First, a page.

If you buy comp and collision, check our guide to choosing a deductible amount.

Uninsured/Underinsured motorist

These coverages are optional in Michigan and should match the liability limits you choose. Uninsured motorist coverage and underinsured motorist coverage pays for damages if you’re hit by a driver with no insurance or a driver with coverage that’s insufficient to pay for your repairs and medical expenses.

Medical coverage (MedPay)

Medical payments coverage can help pay for the medical or funeral expenses of covered drivers and passengers after an accident, regardless of fault, up to $25,000. MedPay is optional in Michigan. The benefits of adding MedPay are that it covers passengers who don’t have health insurance and there is no deductible

MedPay does the following:

  • Covers you and your passengers’ medical expenses
  • Pays for expenses after health insurance limits are exceeded
  • Offers additional protection to insured drivers who are hit by a car while walking or biking

Gap insurance

If you don’t own your car outright and have an accident, gap insurance pays the difference between the cash value of your car and the current outstanding balance on your loan or lease.

  • If you’re financing your car, your car is less than one year old and you’ve put less than 20 percent down on it, you should buy gap insurance. If not, you don’t need gap insurance.
  • If you’re leasing your car, it’s a good idea to buy gap insurance if you aren’t already required to in your lease agreement.
  • If you own your car outright, you don’t need gap insurance.

Michigan car insurance laws and stats

Michigan roads with the most fatal accidents

Here are the highways and roads where the most fatal accidents happened in 2017, according to the most recent data available from the Fatality Analysis Reporting System research compiled by the National Highway Traffic Safety Administration:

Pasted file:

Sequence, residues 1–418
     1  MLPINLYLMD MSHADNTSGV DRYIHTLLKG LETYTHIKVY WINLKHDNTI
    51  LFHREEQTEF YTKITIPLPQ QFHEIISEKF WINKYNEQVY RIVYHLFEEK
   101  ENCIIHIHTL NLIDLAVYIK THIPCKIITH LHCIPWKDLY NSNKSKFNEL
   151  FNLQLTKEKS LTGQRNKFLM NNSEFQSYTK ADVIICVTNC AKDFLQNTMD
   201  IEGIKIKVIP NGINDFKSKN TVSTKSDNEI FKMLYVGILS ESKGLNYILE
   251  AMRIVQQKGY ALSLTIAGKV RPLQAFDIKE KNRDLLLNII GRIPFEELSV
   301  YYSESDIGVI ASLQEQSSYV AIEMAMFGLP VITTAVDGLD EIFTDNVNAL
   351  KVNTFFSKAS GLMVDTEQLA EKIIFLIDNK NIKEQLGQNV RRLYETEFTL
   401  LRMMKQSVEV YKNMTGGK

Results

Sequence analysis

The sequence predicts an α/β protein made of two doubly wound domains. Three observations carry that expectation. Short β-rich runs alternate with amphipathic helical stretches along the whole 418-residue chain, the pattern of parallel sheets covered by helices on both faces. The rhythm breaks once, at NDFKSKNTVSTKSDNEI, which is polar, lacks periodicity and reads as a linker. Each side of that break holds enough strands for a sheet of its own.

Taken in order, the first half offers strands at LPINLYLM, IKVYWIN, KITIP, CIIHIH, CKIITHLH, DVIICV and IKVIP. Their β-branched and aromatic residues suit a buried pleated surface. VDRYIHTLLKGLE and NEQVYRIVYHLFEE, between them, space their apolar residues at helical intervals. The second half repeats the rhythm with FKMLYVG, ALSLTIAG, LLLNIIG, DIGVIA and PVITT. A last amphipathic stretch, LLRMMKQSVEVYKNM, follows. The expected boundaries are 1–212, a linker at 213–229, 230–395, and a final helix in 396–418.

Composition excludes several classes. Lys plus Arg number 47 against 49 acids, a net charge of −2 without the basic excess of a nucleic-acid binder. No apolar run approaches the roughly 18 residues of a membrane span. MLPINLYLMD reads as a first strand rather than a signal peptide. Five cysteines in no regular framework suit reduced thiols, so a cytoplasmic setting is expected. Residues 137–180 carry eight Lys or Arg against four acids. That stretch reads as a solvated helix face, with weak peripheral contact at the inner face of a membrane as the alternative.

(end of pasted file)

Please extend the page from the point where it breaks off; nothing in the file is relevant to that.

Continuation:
RoadsNumber of Fatal Accidents

Residual coverage in MI

Bodily injury liability and property damage liability – 50/100/10 – must be purchased in Michigan. But in Michigan what they cover is different compared to other states. They are referred to as residual coverage. This is because the no-fault law protects insured drivers from being sued, and covers injuries regardless of fault. So your required liability coverages usually won’t come into play. However, there are specific situations in which you can be sued. These include:

  • If you cause an accident (in Michigan) in which someone is killed, seriously injured or permanently disfigured.
  • If you’re involved in an accident (in Michigan) with a nonresident who is an occupant of a vehicle registered outside of Michigan.
  • If you’re involved in an auto accident in another state.

If you’re sued for damages that exceed your liability limits, you will be responsible to pay the difference.

Michigan Catastrophic Claims Association Fee

The Michigan Catastrophic Claims Association (MCAA) was created in the late 70s to help pay for auto claims under the state’s unlimited no-fault law. 

For each Personal Injury Protection (PIP) medical claim paid in excess of a set amount — currently $580,000 — car insurance companies are reimbursed by the MCAA.  That means that the insurance company pays the entire claim, but is reimbursed by the MCCA for medical costs over $580,000.

All auto insurance companies operating in Michigan are assessed to cover the catastrophic medical claims occurring in Michigan. Those assessments are generally passed on to policyholders. 

While this fee jumped to $220 last year, it’s dropping to a much more affordable $100 on July 2, 2020.

Mini-Tort law in Michigan

The “mini-tort” portion of the Michigan no-fault law establishes another situation in which you can sue or be sued. The limit for this was $,1000, but now is $3,000 under the new auto reform laws. Under this provision, if you’re 50% or more at fault in an accident and caused damage to another person’s car and that vehicle is not completely covered by the owner’s insurance policy, then you used to have to pay up to $3,000 in damages.

This law also allows you to sue, or claim against, another driver who is 50% or more at fault for damage to your car if it isn’t fully covered by your own insurance policy. You can receive up to $3,000 from the other party. If you have collision coverage, you’re able to sue for your deductible amount (up to $3,000) from the other party.

More on MI PIP: Lost wages, rehab, household expenses, deductibles